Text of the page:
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N3ZKP
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« Reply #7 on: July 27, 2004, 11:17:50 AM »

<< Well then what about "Roger, Wilco"? >>

That's Hollywood, nothing more.

ROGER is a proword meaning "I understand your last transmission."

WILCO is a proword meaning "I understand your request (or order) and will comply."

ROGER, WILCO is redundant and no real radio operator would ever use it.

The only time WILCO is appropriate is when you are specifically asked or ordered to take some specific action and are agreeing to do so.

ALso, it is NOT the phonetic for the letter "R". ROMEO is the correct phonetic.

Lon
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W3JJH
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« Reply #8 on: July 27, 2004, 01:25:28 PM »

Back when I was teaching Radiotelephone Procedure to 2LTs at the Army Signal School, we had a bad operator character played by one of the Assistant Instructors called Roger Wilco.  He did everything wrong, including using OVER and OUT together.

One of the great no-nos in the military is to use REPEAT instead of SAY AGAIN.  SAY AGAIN means "I didn't understand you; resay your last transmission."  REPEAT mean "Shoot the last artillery fire mission a second time."

The lab session during which the 2LTs demonstrated their grasp of proper procedure was held in the afternoon just before a ceremony that required all the students to be in their Class-A Army Green Uniforms.  Without fail, one sudent would ask someone to REPEAT a transmission.  When that happened, one of the instructors would come up on the net with the call sign assigned to the artillery battery and reply, "WILCO Fire Mission."  Then all of the instructors would lob chalk-laden erasers from the blackboards at the offending student--who was always easy to spot on the parade ground later that afternoon.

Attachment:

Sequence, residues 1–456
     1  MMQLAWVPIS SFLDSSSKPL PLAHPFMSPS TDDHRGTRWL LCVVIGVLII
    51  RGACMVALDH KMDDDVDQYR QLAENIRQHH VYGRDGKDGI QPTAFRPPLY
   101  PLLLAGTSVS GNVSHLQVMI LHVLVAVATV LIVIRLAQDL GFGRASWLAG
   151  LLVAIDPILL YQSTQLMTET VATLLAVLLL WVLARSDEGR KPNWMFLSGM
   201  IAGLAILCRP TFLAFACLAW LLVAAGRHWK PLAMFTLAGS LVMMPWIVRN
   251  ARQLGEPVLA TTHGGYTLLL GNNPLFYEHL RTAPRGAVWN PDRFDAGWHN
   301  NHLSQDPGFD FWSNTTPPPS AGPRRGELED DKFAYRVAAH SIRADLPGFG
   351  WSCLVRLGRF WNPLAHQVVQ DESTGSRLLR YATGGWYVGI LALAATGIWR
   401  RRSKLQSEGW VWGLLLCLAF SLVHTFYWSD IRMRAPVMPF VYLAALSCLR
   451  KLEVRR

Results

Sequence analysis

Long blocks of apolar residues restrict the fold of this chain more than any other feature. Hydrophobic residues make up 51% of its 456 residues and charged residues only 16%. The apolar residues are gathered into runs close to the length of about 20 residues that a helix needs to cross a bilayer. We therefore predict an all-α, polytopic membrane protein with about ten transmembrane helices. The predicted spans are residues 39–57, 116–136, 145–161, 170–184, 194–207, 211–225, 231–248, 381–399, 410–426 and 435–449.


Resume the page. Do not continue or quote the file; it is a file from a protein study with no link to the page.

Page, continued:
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KG4DBM
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« Reply #9 on: July 27, 2004, 09:04:14 PM »

Thanks to everyone all this sheds some light on the whole "Roger" thing. Enjoyed reading the old "war stories" too. 73s
Jason KG4DBM
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CODEBASHER
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« Reply #10 on: July 28, 2004, 10:37:41 PM »

I always heard that "Wilco" stood for "will comply"
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KC2MMI
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« Reply #11 on: July 28, 2004, 11:15:53 PM »

I'd been told that the early broadcasts of NASA missions popularized (and legitimized) "Roger Wilco" as the NASA operators used it to mean "Roger", I have understood your transmission" AND "Wilco" I will also comply. Because "wilco" can transmit like a mouthful of ground rocks, ROGER was always used. Wilco was only used when appropriate, following it. If the other party heard "Roger mphfrg" he could assume it probably was "Roger Wilco".  If the just heard "mphfrg" there was no way to tell it that meant Wilco or not.

Considering how many folks rely on "Roger tones" and can't be bothered to use any pro words at all...I'll take anything rather than the tones!